Tips

1) The process disables HA and Storage Failover, and Aggregate Relocation is used to move the data aggregates to the node that’s staying up. The process does not move data LIFs, these will failover automatically, but I noticed a bit of a delay (my test CIFS share was down for 45 seconds), so I’d recommend moving data LIFs onto the node that’s going to stay up first.

2) I noticed - consistently - that if you run ‘system health alert show’ after the migrate-root completes, you get some weird output. Perform a takeover/giveback of the affected node after the migrate-root completes to correct this.


cluster1::*> system health alert show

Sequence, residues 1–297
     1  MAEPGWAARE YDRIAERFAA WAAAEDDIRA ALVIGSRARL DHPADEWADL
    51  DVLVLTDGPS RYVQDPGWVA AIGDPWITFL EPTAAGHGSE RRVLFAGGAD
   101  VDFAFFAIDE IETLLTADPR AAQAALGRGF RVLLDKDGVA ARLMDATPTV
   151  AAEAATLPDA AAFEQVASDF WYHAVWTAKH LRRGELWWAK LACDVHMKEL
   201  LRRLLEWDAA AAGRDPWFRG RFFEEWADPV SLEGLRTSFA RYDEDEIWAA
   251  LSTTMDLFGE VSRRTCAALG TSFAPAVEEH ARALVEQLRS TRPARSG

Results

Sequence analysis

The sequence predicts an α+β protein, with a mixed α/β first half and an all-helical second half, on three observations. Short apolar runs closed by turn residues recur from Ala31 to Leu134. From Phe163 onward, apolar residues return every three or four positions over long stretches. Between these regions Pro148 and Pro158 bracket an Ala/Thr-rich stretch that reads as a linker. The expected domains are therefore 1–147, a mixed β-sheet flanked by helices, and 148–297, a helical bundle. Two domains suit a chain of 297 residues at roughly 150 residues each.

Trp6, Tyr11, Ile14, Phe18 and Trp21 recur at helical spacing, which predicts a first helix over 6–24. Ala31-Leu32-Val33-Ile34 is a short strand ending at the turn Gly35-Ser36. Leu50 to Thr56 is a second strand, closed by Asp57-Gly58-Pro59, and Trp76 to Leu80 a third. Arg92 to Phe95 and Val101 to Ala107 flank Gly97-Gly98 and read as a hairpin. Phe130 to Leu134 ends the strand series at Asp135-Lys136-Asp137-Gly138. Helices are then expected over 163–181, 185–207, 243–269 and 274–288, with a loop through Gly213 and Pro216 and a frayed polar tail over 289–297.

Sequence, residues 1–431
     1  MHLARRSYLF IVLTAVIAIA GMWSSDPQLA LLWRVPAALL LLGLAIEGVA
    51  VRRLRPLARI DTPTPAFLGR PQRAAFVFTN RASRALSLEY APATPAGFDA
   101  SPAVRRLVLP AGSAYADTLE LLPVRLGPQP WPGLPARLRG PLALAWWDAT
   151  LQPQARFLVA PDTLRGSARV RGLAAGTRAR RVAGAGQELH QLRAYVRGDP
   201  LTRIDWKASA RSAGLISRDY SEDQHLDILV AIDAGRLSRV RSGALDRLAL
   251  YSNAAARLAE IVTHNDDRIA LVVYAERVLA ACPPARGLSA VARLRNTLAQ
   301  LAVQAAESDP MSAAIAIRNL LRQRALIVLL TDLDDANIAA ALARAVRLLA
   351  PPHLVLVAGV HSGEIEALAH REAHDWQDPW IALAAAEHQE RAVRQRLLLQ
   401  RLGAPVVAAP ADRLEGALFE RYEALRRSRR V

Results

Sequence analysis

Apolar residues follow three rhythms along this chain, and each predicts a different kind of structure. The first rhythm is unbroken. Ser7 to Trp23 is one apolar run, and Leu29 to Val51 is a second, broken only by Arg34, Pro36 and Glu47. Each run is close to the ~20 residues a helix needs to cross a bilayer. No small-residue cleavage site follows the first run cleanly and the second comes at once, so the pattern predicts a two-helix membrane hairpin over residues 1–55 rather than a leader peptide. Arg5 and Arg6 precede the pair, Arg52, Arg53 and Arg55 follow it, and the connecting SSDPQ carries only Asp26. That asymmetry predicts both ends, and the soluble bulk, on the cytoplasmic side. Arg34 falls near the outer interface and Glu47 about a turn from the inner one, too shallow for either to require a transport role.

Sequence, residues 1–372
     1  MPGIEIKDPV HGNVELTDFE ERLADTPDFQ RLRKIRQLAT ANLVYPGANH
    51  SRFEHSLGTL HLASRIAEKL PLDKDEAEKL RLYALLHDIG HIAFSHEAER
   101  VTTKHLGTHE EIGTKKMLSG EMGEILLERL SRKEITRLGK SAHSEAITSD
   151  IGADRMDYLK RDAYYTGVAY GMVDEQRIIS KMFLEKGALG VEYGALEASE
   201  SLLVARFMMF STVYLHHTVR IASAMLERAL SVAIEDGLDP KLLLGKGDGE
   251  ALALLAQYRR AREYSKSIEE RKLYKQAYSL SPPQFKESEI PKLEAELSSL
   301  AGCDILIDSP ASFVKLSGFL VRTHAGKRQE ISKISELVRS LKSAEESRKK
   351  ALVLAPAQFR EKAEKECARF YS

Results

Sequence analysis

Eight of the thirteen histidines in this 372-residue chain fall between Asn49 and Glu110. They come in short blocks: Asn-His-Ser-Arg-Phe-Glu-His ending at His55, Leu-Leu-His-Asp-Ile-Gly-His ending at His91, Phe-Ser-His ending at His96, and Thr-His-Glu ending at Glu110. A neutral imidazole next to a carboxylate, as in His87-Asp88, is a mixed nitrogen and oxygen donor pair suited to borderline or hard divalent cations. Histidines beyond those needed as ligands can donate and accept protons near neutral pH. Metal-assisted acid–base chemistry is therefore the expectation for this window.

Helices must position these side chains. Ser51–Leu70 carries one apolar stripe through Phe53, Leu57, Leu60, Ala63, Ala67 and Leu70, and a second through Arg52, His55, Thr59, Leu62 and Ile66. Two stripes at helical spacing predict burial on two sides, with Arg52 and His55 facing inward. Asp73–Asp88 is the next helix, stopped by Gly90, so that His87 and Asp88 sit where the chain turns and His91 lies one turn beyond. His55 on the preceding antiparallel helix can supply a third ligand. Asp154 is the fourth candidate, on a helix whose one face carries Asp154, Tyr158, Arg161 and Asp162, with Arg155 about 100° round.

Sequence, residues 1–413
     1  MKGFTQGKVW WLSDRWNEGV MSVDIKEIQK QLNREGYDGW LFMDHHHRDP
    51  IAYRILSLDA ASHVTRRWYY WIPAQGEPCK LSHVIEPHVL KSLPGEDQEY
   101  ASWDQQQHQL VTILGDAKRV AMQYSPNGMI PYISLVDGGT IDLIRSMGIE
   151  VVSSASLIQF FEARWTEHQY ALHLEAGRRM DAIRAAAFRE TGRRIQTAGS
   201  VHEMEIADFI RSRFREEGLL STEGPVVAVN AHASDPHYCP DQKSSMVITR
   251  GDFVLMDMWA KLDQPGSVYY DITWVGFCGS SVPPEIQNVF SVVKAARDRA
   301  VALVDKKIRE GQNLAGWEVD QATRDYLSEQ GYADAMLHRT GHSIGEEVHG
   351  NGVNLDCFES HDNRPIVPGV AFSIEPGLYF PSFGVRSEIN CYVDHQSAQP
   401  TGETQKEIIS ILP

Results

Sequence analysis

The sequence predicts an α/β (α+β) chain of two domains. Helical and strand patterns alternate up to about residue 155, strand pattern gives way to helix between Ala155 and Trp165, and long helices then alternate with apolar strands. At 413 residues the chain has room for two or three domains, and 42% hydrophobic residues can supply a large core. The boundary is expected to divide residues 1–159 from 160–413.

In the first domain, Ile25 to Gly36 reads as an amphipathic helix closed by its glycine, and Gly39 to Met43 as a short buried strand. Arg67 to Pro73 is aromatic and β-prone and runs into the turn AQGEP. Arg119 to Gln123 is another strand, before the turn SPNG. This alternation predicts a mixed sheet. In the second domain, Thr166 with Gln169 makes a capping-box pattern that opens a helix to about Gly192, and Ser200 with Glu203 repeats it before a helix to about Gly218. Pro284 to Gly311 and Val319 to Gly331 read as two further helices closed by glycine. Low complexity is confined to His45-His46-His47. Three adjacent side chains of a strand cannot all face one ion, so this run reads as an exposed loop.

This table is currently empty.

Warning: Unable to list entries for schm on node "cluster1-02": RPC: Remote
         system error [from mgwd on node "cluster1-02" (VSID: -1) to schm at
         127.0.0.1].
         Unable to list entries for shm on node "cluster1-02": RPC: Remote
         system error [from mgwd on node "cluster1-02" (VSID: -1) to shm at
         127.0.0.1].
         Unable to list entries for cphm on node "cluster1-02": RPC: Remote
         system error [from mgwd on node "cluster1-02" (VSID: -1) to cphm at
         127.0.0.1].
         Unable to list entries for cshm on node "cluster1-02": RPC: Remote
         system error [from mgwd on node "cluster1-02" (VSID: -1) to cshm at
         127.0.0.1].

cluster1::*> Replaying takeover WAFL log
May 06 14:01:04 [cluster1-01:monitor.globalStatus.critical:EMERGENCY]: This node has taken over cluster1-02.

cluster1::*> system health alert show
This table is currently empty.

cluster1::*>


Image: Remote system error [from mgwd on node...

PowerShell to Record Job Execution Progress Per Second